The ancient baoli, or step-well, built by sufi saint Hazrat Nizamuddin more than 700 years ago, has finally been spruced up after what seems a lifetime of its treatment both as a sacred place and as a dumping yard. Mayank Austen Soofi tells more.art and culture Updated: Mar 30, 2009 16:46 IST
Very soon, there will be one more attraction in the historic Nizamuddin Basti, apart from its dargah and the famed Thursday qawwali sessions. The ancient baoli, or step-well, built by sufi saint Hazrat Nizamuddin more than 700 years ago, has finally been spruced up after what seems a lifetime of its treatment both as a sacred place and as a dumping yard. “At 4 pm on March 15, Sunday, we removed the last of the malwa and reached the well’s wooden floor,” says Ratish Nanda, the project director of Aga Khan Trust for Culture, an international philanthropic organisation that has fixed up heritage places as diverse as Delhi’s Humayun's Tomb and Cairo’s Al-Azhar Park.
While Delhi has such baolis scattered in neighbourhoods as far apart as KG Marg and Mehrauli, the one in Nizamuddin Basti is the only one to still have an active underground spring. Thanks to the sufi connection, its water is considered blessed. Even though some of the beggars living around the dargah dropped their excreta-filled polybags into its water, pilgrims still flocked for a sip. Now after seven months of hard work in which tons of stone debris, decomposed filth, plastic and toxic water was removed manually by 70 labourers, besides relaying the sewer lines, the baoli’s sacred water has become safe, too.
“It’s the first time in 700 years that the kuan has been cleaned,” says Farid Ahmad Nizami, a peerzada in the dargah. Attempts had earlier been made to restore the baoli, but no one could reach to the foundation. Most would stop where the stairs end and the well starts.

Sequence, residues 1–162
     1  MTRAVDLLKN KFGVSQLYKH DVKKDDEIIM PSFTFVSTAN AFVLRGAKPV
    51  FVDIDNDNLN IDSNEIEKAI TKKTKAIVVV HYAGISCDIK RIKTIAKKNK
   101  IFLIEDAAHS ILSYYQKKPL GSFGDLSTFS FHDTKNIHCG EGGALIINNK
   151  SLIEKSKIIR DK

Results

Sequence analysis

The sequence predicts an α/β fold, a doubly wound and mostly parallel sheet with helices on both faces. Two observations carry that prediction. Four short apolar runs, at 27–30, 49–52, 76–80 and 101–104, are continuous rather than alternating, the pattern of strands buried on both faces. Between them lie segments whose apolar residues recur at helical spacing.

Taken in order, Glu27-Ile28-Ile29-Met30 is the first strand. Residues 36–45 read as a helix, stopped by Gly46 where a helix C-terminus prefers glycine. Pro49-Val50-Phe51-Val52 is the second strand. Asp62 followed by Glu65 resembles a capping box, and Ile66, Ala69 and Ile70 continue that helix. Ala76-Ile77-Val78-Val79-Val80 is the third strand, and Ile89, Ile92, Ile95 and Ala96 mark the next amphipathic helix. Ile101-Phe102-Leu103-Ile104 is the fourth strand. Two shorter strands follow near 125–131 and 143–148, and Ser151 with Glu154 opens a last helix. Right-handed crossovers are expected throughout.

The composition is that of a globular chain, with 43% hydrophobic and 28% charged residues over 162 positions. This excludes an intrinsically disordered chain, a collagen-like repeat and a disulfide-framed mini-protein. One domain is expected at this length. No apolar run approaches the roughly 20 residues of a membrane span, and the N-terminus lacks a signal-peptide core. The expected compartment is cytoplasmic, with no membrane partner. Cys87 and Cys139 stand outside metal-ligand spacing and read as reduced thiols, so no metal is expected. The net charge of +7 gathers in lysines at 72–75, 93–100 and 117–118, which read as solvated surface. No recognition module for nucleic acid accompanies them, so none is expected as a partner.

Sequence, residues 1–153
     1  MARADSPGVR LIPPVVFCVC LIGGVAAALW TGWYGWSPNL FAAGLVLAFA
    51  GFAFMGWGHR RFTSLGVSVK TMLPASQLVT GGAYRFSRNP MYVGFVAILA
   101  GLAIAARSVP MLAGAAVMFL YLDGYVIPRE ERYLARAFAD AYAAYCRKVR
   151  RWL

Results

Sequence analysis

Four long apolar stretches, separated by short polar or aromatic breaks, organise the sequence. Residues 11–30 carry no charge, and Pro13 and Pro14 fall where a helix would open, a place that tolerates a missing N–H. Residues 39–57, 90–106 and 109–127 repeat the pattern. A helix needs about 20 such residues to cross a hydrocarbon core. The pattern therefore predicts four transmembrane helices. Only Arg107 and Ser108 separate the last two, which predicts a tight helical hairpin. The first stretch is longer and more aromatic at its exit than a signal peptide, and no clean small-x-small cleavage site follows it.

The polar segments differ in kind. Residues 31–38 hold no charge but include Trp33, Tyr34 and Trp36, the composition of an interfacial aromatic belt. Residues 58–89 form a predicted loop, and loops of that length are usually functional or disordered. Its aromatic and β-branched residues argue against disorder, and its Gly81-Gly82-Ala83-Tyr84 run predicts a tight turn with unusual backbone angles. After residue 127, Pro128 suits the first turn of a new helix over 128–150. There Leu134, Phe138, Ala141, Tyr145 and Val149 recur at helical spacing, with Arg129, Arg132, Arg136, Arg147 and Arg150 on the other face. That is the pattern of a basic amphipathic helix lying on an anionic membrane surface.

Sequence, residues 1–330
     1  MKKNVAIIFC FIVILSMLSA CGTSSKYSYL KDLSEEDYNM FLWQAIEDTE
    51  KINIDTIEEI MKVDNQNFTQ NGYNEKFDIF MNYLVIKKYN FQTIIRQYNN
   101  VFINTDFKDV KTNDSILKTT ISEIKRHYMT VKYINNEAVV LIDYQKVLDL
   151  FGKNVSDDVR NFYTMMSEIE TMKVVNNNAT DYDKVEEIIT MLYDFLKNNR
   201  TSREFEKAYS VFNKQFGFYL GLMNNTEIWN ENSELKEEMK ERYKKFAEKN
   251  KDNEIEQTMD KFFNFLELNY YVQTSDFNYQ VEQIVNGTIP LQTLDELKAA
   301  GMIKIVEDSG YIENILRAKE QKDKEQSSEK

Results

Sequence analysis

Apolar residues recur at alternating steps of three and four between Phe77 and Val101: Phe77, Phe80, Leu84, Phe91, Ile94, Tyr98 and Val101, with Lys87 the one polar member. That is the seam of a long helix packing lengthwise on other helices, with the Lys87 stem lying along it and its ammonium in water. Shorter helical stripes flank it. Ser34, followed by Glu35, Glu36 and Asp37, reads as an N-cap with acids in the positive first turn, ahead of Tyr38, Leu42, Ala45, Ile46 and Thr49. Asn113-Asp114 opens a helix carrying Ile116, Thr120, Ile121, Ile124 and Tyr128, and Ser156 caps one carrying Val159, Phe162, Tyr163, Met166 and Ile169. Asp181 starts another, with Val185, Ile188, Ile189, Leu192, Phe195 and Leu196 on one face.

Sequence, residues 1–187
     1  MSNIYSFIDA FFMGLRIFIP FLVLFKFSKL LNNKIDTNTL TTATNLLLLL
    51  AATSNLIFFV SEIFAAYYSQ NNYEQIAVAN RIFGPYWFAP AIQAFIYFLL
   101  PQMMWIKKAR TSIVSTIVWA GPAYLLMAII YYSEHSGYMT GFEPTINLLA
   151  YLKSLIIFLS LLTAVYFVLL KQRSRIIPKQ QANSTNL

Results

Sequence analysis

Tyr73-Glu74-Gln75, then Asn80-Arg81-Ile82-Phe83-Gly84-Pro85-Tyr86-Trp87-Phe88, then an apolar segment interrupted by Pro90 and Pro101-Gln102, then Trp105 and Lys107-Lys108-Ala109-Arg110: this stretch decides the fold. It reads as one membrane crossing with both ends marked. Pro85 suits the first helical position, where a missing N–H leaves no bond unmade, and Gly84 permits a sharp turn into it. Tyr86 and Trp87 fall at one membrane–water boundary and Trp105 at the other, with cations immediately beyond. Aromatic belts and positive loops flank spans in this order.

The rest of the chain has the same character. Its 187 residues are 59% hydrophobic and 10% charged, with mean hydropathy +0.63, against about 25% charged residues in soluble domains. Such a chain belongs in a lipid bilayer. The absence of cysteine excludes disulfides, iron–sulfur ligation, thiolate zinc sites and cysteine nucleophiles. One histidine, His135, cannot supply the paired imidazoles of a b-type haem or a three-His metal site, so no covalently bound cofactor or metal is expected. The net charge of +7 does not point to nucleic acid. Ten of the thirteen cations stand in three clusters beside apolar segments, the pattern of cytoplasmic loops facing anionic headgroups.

Nanda, who earlier restored Mughal emperor Babur’s tomb in Kabul, had his team take over the baoli in partnership with ASI in August last year, after the eastern part of the stone wall collapsed due to a leaking toilet in the adjoining house. Things then looked so dismal that a visiting structural engineer from UK said, “Too risky, close the baoli.” But the step-well is dear to millions of Nizamuddin’s followers and holds a special place in Delhi’s architectural landscape, too. Its walls are made of huge blocks of Delhi quartzite, the city’s only local stone, which is also seen in the Tughlaqabad fort. In fact, during the restoration, each of the 550 stones was X-rayed from five points to spot any voids behind the wall, all for structural stability’s sake.
“Now I can have my share of the blessed water,” says Sadia Dehlvi, author of a new book on sufism. Indeed, once the work is finished, the baoli may again become what it was intended for: a meeting point for Hazrat Nizamuddin’s followers, a sort of Banaras ka ganga ghat — sufi style!